An environmentally responsible way of getting rid of Styrofoam

An environmentally responsible way of getting rid of Styrofoam

What to do with Styrofoam that Won’t Last Thousands of Years – by Linda Chambers

After our recent move to Thornton,CO we were upgrading some of our furniture needs. We would receive large boxes with LOTS of Styrofoam for packing. I’m not talking about ‘packing peanuts’, I mean those long skinny pieces that break easily and those thick blocks that you fit in the corners of boxes and are awkward in the trash. Well, I just didn’t want to put them in the trash. I called mail box businesses that usually took my bubble wrap and packing peanuts but they really didn’t want them because they were usually ‘box specific’ and they found it hard to use them on a regular basis. I called the city of Thornton and they had no facility that could handle them other than ones you would ‘mail’ the Styrofoam to.

I had gotten my ‘Garden in a Box’ from Boulder Resource this year so I called them to see if they knew of a closer place to recycle Styrofoam.  YES!!! They had purchased a machine that would flatten the Styrofoam (#6 and flat sheets only) and then they sent it to a company that uses it for parking curbs and other hard surface objects. I was elated and immediately started passing the word around.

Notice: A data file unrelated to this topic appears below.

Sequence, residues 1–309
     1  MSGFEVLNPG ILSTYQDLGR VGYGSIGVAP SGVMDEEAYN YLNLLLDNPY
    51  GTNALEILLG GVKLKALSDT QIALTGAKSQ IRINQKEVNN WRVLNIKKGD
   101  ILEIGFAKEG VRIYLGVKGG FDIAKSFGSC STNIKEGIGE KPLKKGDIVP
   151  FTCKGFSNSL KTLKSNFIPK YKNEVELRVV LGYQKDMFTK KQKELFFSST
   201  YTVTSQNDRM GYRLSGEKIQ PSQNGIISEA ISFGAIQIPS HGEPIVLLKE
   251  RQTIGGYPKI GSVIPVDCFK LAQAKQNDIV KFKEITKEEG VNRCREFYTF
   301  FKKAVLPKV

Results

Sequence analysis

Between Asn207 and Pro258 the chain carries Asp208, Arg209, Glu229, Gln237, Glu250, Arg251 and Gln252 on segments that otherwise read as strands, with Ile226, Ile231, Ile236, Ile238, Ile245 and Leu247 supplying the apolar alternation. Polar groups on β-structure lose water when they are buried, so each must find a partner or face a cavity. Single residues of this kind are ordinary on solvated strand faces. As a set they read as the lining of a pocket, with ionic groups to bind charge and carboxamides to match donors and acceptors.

For a $3 fee (I gave them $10 for donation), I left the whole back seat of my truck full of Styrofoam at their facility.  I can only say I felt a great deal of pleasure knowing I wasn’t putting more ‘trash’ in the landfill that would not disappear for centuries to come.

CHaRM FAQs:

Why are there fees? Recycling fees cover the costs of disassembling, collecting, storing, and marketing materials. Our $3 facility fee allows us to accept many materials with no additional recycling fee.

Bicyclists and all-electric vehicles with CHaRM materials are not charged a facility fee.

Visitors may purchase a Frequent CHaRMer Card and receive 5 visits for $10.

Where do the materials go?

Visit www.ecocycle.org for a list of local recycling partners and what happens to CHaRM items

 

 

CHARM’s recycle web page explains how the faculty works and why we, as a faith community, should support them as much as possible.

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